republished below in full unedited for informational, educational and research 
DEDHAM, Mass. (Christian News Network)  A Baptist church in Massachusetts was recently issued a cease and desist order from local officials who learned that it planned to resume holding Sunday services. Officials assumed that, by announcing services at all, the church planned on violating the 10-person limit on in-person gatherings. A religious liberties organization has now written to the Town to note that the pastor has done nothing wrong but is in compliance with the governor’s order as he clearly and specifically advised that each service would be limited to less than 10 people.
On May 3, Nick White, the pastor of Victory Baptist Church in Dedham, announced in a recorded video that in-person services were to resume on May 10. The small church of less than 40 people utilizes a dance studio for its meetings.
“We are doing this with the right mentality,” he told viewers. “[W]e are not doing this to ‘stick it to the man.’ We’re not doing this to stick our noses up at the government and just try be anarchists. We’re not doing this to rebel. We’re doing this because we have a biblical mandate to gather.”
“And we’re going to be doing it very respectfully,” White continued. “The Bible says to live peaceably with all men and that is our goal in this: to live peaceably with everyone around us and not be a bad testimony for the Lord Jesus Christ.”
He outlined that he tentatively planned two services and that the gatherings would be limited to fewer than 10 people each as Gov. Charlie Baker’s executive order requires. White asked for people to sign up in advance so appropriate planning could take place.
“I don’t know what to expect. I don’t know if we’re going to have 20, 30, 40 sign up,” he said. “If we have more than 20 sign up, we’ll go to three services. If we have 40 sign up, we’ll go to four services.”
Each person would be scanned with a forehead thermometer before being allowed to enter and attendees would be required to wear a mask and gloves. Services would also be kept no longer than an hour, and a deep sanitization would be conducted between services.
“We want to be sure everyone is safe. We want to be sure to protect everyone in the church,” White explained. “This disease is serious, and we want to take it seriously.”
View the video in full at the end of this report.
Nonetheless, White received a cease and desist order from the Town of Dedham days later stating that because the church was “observed advertising for services,” they were mandated to cease operations until Gov. Baker’s order expires. The Town seemed to automatically assume that the church, by announcing services at all, would be in violation of the in-person gathering limit.
White was warned that the Town could take the church to court over the matter.
“[O]n March 23, 2020, the governor of the Commonwealth of Massachusetts issued an order assuring continued operation of essential services in the Commonwealth, closing certain workplaces, and prohibiting gatherings of more than 10 people,” the Town wrote.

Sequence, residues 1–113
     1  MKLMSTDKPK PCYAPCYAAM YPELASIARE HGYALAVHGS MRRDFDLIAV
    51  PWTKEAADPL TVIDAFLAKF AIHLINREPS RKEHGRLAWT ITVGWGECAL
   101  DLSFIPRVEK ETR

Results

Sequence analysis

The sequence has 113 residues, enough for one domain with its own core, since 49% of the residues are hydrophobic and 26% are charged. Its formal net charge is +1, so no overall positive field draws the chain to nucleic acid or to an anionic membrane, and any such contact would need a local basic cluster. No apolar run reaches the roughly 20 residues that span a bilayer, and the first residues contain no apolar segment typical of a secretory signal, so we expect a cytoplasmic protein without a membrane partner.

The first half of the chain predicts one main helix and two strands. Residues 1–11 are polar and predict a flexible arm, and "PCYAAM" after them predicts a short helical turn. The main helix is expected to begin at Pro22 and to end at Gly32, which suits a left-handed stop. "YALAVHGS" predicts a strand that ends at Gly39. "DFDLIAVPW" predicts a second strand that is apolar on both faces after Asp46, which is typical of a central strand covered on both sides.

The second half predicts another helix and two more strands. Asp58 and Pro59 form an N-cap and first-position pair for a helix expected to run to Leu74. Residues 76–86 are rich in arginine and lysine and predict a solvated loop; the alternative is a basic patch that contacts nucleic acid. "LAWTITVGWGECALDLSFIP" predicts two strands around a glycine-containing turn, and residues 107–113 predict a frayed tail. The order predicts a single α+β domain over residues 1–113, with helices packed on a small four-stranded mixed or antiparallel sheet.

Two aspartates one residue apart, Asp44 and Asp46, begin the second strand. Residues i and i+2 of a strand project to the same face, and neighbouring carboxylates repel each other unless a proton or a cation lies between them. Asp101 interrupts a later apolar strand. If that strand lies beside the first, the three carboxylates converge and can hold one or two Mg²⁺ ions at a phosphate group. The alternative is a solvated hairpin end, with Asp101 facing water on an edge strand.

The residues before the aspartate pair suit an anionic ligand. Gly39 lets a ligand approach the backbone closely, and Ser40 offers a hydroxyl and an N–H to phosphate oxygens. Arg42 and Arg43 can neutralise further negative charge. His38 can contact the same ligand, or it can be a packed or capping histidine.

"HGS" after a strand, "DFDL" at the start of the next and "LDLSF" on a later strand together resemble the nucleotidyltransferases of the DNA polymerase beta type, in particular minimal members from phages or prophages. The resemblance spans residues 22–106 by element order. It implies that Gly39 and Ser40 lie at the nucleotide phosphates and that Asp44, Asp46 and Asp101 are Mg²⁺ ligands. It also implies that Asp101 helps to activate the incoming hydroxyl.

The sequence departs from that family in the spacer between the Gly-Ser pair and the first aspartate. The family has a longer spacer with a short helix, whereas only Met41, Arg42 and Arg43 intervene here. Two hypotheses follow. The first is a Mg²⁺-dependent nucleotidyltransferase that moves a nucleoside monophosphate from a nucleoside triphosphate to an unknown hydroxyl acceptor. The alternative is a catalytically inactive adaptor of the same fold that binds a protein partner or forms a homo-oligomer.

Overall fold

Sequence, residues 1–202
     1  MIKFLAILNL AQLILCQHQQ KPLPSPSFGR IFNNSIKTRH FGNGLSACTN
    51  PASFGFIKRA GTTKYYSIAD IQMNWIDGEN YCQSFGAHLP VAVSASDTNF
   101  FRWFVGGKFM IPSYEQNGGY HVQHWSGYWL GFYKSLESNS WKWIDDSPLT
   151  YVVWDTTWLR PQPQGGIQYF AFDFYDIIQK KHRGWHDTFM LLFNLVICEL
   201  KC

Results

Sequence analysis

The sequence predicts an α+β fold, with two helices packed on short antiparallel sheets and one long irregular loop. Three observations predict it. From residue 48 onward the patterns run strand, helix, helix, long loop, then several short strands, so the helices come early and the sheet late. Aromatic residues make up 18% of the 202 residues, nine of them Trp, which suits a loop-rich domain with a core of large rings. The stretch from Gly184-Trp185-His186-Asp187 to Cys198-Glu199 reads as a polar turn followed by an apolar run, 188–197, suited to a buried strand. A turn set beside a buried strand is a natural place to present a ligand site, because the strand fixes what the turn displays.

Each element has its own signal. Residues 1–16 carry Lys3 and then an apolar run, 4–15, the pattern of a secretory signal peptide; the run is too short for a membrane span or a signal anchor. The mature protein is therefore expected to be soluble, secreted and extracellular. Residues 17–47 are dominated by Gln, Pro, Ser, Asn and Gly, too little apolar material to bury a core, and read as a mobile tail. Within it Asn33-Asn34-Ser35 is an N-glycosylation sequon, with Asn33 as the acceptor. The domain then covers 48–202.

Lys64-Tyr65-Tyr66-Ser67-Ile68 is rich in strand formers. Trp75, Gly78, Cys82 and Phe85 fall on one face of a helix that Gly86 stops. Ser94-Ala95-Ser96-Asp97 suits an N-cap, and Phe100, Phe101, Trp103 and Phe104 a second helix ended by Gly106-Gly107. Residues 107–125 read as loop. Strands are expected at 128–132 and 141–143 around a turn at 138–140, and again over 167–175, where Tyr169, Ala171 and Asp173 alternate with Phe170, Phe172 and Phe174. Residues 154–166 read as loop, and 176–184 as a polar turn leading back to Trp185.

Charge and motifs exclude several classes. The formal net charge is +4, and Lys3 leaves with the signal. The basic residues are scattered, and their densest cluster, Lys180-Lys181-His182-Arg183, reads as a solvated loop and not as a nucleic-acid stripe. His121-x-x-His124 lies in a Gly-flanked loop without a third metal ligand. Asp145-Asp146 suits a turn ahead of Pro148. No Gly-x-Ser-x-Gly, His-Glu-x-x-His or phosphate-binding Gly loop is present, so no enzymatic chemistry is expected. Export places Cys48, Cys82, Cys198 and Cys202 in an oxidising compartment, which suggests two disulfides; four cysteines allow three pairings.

“Whereas Victory Baptist Church is not a business providing essential services pursuant to Exhibit A of COVID-19 Order No. 13 and … on May 6, 2020 was observed advertising for services to be held on May 10, 2020 in violation of COVID-19 Order No. 13,” it continued, “you are hereby ordered to immediately cease and desist from operating Victory Baptist Church until such time as the governor rescinds COVID-19 Order No. 13.”
On Wednesday, the religious liberties organization Alliance Defending Freedom (ADF) submitted a letter to the Town of Dedham to demand that it rescind its order as the church did nothing wrong.
“Pastor Nick White made clear in the online announcement that the May 10 services would be limited to ‘under 10 people’ per service to ‘comply with the guidelines that … Governor Baker has set forth for the state of Massachusetts,'” it wrote.
Furthermore, “[n]ot only did Victory Baptist express its intent to fully honor the executive order, it imposed conditions on itself well beyond those required under the executive order for any 10-person gathering, whether secular or religious,” ADF noted.
The organization advised that the church did not end up having services after all — most likely because of the town’s letter — but plans to this weekend. It asked that the Town rescind its order no later than Thursday in recognition that the church is not violating the governor’s order.
“While prudence may dictate that people of faith adapt the nature of their gatherings in situations like this one — precisely what Victory Baptist did — it is also incumbent on the government to know the law sufficiently to refrain from unlawfully harassing its citizens,” ADF wrote.
“[W]e demand that the board and the Town of Dedham rescind the order [to cease and desist] by 12:00 p.m. on May 14, 2020 and refrain from further harassment of this church,” it said.
“It makes no sense for the Town of Dedham to demand that this church refrain from meeting with 10 or fewer people when the governor’s executive order explicitly allows that gathering size,” senior counsel Ryan Tucker, who penned the letter, said in a statement. “The only apparent explanation is that the Town wants to harass this church.”